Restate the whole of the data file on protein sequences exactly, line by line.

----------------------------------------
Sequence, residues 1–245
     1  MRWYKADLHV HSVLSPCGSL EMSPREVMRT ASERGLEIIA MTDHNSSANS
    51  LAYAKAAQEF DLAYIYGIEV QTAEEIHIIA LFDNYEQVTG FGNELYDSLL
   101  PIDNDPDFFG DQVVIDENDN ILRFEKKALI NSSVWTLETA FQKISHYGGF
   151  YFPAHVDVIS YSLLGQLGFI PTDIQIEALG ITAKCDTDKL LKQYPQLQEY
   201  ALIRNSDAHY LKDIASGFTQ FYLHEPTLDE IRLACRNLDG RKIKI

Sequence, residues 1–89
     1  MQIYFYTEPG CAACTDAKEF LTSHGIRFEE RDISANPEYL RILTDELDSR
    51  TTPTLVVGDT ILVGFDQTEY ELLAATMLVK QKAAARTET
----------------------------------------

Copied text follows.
Sequence, residues 1–245
     1  MRWYKADLHV HSVLSPCGSL EMSPREVMRT ASERGLEIIA MTDHNSSANS
    51  LAYAKAAQEF DLAYIYGIEV QTAEEIHIIA LFDNYEQVTG FGNELYDSLL
   101  PIDNDPDFFG DQVVIDENDN ILRFEKKALI NSSVWTLETA FQKISHYGGF
   151  YFPAHVDVIS YSLLGQLGFI PTDIQIEALG ITAKCDTDKL LKQYPQLQEY
   201  ALIRNSDAHY LKDIASGFTQ FYLHEPTLDE IRLACRNLDG RKIKI

Sequence, residues 1–89
     1  MQIYFYTEPG CAACTDAKEF LTSHGIRFEE RDISANPEYL RILTDELDSR
    51  TTPTLVVGDT ILVGFDQTEY ELLAATMLVK QKAAARTET